Lianne Waller Recognized

Lianne Waller was recently awarded the Presidential Award for Excellence at Wayne Bank. This award is presented to employees who show exceptional levels of dedication and service in their positions. Ms. Waller started her banking career in 2015 as a teller in the Honesdale Main Street Community Office and currently holds the position of Wealth Management Administrative Assistant.

Healthy Kids Day 2019

Wells Fargo recently presented the Greater Scranton YMCA with a $2,500 check to support its 2019 “Healthy Kids Day” celebration, which is a national initiative by the YMCA to improve the health and well-being of children. “Healthy Kids Day” 2019 will be celebrated on April 27.

Wright Center Organizes Morning of Service

Dr. Jennifer Chen, a third-year Family Medicine resident with The Wright Center for Graduate Medical Education, recently organized a morning of service at the St. Vincent de Paul Kitchen. In what has become an annual organizational tradition, team members and doctors from all Wright Center programs prepared and served lunch to more than 100 individuals within the Wyoming Valley community.

The Wright Center Receives Grant

From left, Maria Kolcharno, Director of Addiction Services, The Wright Center for Community Health; Cindy Kennedy, Director COC and DSS Operations, Maternal and Family Health Services; Yurii Lynn Harden, Licensed Clinical Social Worker, Maternal and Family Health Services; Bette Saxton, President and CEO, Maternal and Family Health Services; Dr. Linda Thomas-Hemak, Chief Executive Officer, The Wright Center for Community Health; John Menapace, Board Member, AllOne Foundation and Charities; John Cosgrove, Executive Director, AllOne Foundation and Charities; Mary Carroll Donahoe, Program Officer, AllOne Foundation and Charities; Dr. Maria Montoro-Edwards, Vice President of Strategic Initiatives, The Wright Center for Community Health; and Scott Constantini, Director of Behavioral Health, The Wright Center for Community Health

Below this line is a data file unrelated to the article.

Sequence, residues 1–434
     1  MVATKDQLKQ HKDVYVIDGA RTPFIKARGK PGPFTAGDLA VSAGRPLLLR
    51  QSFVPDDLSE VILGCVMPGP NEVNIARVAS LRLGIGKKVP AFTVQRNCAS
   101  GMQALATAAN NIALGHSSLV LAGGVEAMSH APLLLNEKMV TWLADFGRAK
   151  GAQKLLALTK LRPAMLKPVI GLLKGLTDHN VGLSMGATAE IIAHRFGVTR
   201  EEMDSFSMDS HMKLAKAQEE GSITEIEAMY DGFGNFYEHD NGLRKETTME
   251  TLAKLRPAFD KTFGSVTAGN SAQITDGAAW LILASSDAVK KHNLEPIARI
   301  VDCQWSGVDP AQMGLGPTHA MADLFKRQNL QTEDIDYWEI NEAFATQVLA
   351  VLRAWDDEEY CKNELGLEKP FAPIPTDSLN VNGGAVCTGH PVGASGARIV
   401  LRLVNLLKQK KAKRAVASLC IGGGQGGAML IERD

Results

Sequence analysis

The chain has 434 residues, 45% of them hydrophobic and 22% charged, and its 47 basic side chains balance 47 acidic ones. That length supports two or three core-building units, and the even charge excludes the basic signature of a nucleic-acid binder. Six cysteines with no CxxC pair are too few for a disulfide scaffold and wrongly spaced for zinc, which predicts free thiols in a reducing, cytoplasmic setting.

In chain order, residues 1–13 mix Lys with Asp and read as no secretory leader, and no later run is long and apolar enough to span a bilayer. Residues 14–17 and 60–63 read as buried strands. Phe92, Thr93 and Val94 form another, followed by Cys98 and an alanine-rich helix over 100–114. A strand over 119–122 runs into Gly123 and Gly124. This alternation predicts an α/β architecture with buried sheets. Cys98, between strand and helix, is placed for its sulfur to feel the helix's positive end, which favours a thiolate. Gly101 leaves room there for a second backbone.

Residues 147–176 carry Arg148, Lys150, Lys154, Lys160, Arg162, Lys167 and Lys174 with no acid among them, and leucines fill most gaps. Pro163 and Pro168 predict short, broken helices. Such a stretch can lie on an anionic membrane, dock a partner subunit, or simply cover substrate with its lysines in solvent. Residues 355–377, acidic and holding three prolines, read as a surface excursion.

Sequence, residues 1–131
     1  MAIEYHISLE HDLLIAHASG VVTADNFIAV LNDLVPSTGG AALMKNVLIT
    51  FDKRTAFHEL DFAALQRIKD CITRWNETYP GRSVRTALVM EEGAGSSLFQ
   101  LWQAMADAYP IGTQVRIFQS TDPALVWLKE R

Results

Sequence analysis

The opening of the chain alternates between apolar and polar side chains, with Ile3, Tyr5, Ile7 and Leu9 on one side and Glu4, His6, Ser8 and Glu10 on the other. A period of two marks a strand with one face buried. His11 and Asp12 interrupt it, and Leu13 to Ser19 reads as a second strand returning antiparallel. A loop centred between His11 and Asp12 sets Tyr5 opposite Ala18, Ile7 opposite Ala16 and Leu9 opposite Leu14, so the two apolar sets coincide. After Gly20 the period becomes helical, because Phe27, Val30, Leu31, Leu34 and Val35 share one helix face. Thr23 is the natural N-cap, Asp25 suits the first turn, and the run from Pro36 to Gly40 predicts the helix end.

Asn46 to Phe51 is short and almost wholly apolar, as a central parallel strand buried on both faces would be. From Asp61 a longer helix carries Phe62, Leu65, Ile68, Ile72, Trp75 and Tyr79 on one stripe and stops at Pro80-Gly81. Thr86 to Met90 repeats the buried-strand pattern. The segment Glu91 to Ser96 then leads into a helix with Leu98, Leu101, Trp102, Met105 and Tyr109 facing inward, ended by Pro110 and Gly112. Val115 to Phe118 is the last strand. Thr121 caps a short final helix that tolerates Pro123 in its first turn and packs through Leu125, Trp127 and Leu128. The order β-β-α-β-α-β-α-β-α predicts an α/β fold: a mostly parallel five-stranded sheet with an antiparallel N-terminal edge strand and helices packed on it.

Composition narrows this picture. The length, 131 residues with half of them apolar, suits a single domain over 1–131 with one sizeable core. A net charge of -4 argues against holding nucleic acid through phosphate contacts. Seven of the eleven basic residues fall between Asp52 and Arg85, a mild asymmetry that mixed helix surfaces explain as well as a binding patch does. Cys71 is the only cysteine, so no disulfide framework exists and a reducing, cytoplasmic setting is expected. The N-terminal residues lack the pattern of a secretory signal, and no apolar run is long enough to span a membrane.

The Wright Center for Community Health and The Wright Center for Maternal and Family Health Services were recently awarded a $500,000 grant from AllOne Foundation to support the organizations’ work within the community-based Healthy MOMS (Maternal Opiate Medical Support) Pregnancy-Recovery initiative. The Healthy MOMS program launched in 2018 with the goal of organizing regional players in the healthcare, legal and social services sectors to care for pre- and post-natal women with Opioid Use Disorder (OUD) and reduce their babies’ risk of neonatal abstinence syndrome (NAS).


Craters, Concrete and Construction: An update on area roads, courtesy of PennDOT

This year, April will be the start of an extremely busy construction season for PennDOT. With 2018 being the wettest year on record for many counties in our region, numerous areas have seen washouts and slides. As the weather finally gets warmer, crews will begin to repair the damage that was caused by all that water.

Water is also the cause of the most notorious and annoying of road conditions – potholes! A pothole is created when water seeps into the roadway, and then begins to expand and contract with temperature fluctuations. This past winter was filled with numerous days that were fluctuating between temperatures above 32 degrees and below 32 degrees. Combine that with one of the wettest years on record, and we’ve got the perfect recipe for creating a pothole.

Motorists will not only see PennDOT crews hard at work this year, they will also see a lot of work done by private contractors who work for PennDOT. Most of the time, many of the larger, long-term projects are completed by private contractors. The most noticeable of these in 2019 will be along Interstate 81.

This year, three different construction projects will begin, starting in Dunmore and going to Nuangola. The good news is that PennDOT is requiring the contractor to maintain two lanes of traffic during the day. With few exceptions, work that requires a lane closure will occur at night.